I’m attending the NYSCATE conference in Rochester, arrived yesterday morning and leaving tomorrow afternoon. I’ve been coming to this conference about technology in education off and on for many years, the first of which was as a teacher for Pine Valley. Why do I come? To stretch my thinking, learn something new, talk with others who have similar interests. What am I leaving with? A renewed sense of commitment that we can do more and we can do it better.
I started yesterday as I expected, attending sessions that left me with notes like, “consider Fablevision’s Animation-ish for Mrs. Griffith, it looks better than the software she’s got; Starboard vs. Smartboard–what’s the cost? Any promos on quantity purchase?; check out more about Qwizdom as a flexible student response system; look at the Lumens document cameras, with a 5 yr. warranty, for Science teachers; ask if anyone is using Brainpop’s digital citizenship piece.”
That’s what I signed up for–ideas about smart technology. What I got next ramped this conference up considerably for me. Chris Lehmann. I’ve been reading Chris for at least three years, he’s the principal of Philadelphia’s Science Leadership Academy, a magnet school. When I started blogging in 2006, Chris was also out there writing and along with Christian Long we had some of the best conversations of my early blog learning. To finally meet Chris face to face reminded me why those conversations were so helpful to me.
I want to leave education when my time is done having done something important and meaningful that benefits our kids, our teachers and our community. I don’t think it’s my job to keep everything just as it’s always been–that’s how we will eventually become obsolete and I’m not game for sailing into retirement knowing I did nothing to change, that I didn’t lead our organization. We can do this better. Not that we aren’t doing it well, just that we can do it better. School can have more meaning and purpose for our students than it does now. And here’s why attending Chris Lehmann’s afternoon session and key note last night left my brain spinning early this morning. Chris talked about how they have made the entire learning experience different at Science Leadership Academy and on every point I thought, “why can’t we do that?” It wasn’t that he’s a magnet school and we’re not. It’s that they have a vision and goals and a plan–a system of student learning to which every member of the organization is committed, focused on, and working.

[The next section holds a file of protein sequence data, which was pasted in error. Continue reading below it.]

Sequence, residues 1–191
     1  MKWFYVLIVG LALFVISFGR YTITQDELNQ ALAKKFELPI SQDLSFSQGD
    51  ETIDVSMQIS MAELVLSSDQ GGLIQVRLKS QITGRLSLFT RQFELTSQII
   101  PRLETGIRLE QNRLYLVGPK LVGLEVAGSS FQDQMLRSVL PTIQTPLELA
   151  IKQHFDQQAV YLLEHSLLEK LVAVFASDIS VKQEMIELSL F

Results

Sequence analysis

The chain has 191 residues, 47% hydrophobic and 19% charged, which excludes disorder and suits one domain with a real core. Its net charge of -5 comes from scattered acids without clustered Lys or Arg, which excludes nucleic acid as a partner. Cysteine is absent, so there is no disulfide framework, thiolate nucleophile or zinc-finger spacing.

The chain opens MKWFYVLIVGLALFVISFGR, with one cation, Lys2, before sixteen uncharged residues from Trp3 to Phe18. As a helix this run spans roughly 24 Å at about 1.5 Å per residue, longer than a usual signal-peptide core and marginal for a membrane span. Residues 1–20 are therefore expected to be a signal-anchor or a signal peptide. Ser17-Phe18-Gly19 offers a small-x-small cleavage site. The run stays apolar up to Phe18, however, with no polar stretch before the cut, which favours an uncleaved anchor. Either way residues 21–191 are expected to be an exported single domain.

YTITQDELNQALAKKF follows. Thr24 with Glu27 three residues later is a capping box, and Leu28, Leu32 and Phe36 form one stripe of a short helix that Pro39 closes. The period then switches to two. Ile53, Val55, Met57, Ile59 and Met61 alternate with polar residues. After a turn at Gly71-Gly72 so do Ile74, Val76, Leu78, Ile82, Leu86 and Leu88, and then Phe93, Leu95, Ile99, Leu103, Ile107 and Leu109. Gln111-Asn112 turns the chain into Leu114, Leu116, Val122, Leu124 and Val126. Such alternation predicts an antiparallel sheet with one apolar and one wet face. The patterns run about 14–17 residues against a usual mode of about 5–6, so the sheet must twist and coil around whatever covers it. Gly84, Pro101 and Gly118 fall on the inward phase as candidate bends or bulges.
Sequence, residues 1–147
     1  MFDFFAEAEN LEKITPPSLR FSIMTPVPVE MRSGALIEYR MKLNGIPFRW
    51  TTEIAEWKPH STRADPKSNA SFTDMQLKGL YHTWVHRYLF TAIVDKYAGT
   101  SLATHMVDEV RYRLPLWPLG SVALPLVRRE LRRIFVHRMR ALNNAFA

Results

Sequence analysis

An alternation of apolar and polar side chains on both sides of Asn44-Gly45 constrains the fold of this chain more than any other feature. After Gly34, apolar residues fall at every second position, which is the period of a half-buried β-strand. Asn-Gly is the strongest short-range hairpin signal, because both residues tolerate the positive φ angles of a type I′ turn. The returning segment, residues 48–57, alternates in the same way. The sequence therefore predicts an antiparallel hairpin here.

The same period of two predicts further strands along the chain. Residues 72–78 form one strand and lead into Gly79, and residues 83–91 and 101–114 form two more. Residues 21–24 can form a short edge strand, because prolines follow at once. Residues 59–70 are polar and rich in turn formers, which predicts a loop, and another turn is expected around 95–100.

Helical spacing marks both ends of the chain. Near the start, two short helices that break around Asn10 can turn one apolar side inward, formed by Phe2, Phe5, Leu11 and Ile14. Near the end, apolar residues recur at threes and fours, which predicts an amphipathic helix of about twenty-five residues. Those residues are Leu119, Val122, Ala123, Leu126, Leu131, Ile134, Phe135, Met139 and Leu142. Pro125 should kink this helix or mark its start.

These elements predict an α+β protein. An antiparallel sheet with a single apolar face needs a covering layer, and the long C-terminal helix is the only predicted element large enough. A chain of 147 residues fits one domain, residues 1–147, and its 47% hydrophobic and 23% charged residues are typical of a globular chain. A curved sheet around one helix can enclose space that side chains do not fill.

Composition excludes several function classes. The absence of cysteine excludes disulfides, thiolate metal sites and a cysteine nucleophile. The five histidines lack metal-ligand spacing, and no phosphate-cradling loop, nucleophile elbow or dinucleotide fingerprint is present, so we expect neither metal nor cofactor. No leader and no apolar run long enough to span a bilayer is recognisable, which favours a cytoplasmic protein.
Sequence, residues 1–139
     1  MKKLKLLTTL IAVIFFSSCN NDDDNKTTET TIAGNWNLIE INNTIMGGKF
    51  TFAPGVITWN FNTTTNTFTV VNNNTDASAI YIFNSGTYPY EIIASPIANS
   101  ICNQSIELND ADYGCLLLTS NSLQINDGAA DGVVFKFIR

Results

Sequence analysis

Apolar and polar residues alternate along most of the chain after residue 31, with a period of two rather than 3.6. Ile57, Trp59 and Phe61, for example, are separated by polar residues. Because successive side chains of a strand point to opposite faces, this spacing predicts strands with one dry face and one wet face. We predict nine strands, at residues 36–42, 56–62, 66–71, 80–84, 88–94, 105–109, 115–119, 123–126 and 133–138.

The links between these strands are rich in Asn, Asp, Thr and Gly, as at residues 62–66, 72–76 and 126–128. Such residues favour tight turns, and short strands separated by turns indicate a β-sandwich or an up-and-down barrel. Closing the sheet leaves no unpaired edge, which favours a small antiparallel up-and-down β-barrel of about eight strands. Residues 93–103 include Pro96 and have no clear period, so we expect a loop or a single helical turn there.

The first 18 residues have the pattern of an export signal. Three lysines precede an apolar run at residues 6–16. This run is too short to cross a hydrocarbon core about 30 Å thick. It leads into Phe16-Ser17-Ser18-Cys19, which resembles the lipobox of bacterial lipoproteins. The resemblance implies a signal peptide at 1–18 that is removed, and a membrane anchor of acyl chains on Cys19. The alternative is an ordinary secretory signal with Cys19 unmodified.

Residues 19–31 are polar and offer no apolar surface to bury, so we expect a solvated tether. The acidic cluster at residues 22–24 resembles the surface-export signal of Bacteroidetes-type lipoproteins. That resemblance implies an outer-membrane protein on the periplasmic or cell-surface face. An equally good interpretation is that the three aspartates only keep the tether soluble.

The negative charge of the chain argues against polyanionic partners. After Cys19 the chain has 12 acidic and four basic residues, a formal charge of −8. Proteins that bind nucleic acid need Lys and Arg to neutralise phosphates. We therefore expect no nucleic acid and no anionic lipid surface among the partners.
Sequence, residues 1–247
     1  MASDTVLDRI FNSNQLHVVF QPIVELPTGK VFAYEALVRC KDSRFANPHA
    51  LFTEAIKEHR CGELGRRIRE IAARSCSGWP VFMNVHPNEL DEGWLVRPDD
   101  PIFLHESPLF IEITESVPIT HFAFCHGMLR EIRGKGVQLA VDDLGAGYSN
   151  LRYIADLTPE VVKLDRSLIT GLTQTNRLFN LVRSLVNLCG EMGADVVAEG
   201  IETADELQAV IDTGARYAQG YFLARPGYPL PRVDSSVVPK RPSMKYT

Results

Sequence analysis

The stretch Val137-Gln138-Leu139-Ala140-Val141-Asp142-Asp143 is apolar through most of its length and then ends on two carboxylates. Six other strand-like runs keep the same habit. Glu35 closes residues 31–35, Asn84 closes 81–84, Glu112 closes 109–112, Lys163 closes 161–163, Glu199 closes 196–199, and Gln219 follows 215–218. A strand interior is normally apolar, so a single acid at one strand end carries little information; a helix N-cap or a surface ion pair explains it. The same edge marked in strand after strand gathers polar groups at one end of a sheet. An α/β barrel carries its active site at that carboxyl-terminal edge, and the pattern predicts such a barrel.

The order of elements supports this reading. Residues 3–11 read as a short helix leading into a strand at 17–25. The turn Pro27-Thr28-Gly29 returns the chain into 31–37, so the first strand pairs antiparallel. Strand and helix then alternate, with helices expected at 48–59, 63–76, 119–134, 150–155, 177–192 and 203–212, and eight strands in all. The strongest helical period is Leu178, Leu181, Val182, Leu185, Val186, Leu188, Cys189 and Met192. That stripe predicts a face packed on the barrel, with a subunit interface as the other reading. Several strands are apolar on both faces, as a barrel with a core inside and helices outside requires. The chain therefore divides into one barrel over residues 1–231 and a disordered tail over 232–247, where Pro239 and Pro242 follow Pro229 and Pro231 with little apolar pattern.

Too many people in our educational system are comfortable and happy with the way things are to the point that they don’t make anything better happen. As Chris said last night, then it’s all about them not the kids. And what did Chris say that I’m most considering? “It’s not about engagement. A TV show can be engaging. It’s about empowerment and meaningful work.”
From Wikipedia we can learn what the Science Leadership Academy is about and what they are committed to,
The Science Leadership Academy, or SLA, is a magnet high school in Philadelphia, Pennsylvania that opened in September 2006. The school is a partnership between The Franklin Institute and the School District of Philadelphia. SLA is a 1:1 laptop school where all students and teachers use Macintosh laptops as their primary learning tool. This is the first year with a full house of students, grades 9-12, with approximately 500 students in the school. The first class of seniors will graduate from the Science Leadership Academy in June 2010.
The Science Leadership Academy is an understanding-driven, project-based school where the learning is centered around the five core values of inquiry, research, collaboration, presentation and reflection. Students do benchmark projects every quarter to demonstrate the application of their learning.
In Spring 2009, SLA was named an Apple Distinguished School, one of only 33 schools in the nation with that distinction. In addition, SLA was featured in the April 2007 Edutopia Magazine article, “My School, Meet MySpace” where the school is called “… [John] Dewey for the digital age, old-fashioned progressive education with a technological twist.”
Inquiry, research, collaboration, presentation and reflection. Exactly what I hope my own kids will do well as adults. Empower my kid and give him meaningful work. He isn’t going to get anywhere in life by being a good test taker. Better yet, empower our kindergarten students and first graders and let’s give them those experiences all the way through–let’s make their education relevant and a part of their lives that they can’t wait to get to each day. I’m not saying we have to be SLA, but why can’t we be RCS, just better? Why can’t we give our kids meaningful work in our classrooms and empower them? Lots of our teachers are already doing that, from Kindergarten through the Senior year. We need more work as a system to make it happen consistently and with planning and for every child in every classroom. And that’s the same thing just about every other public school needs too. Let’s not wait for them. Let’s make it happen in Randolph.
And why is Randolph any different, why can we make it happen? Because we already do this better than any other public school district I’ve been in–our kids are learning in meaningful ways in classrooms throughout this district every day. Let’s plan for it to happen as a system.
Learning with Passion, Innovation and Leadership.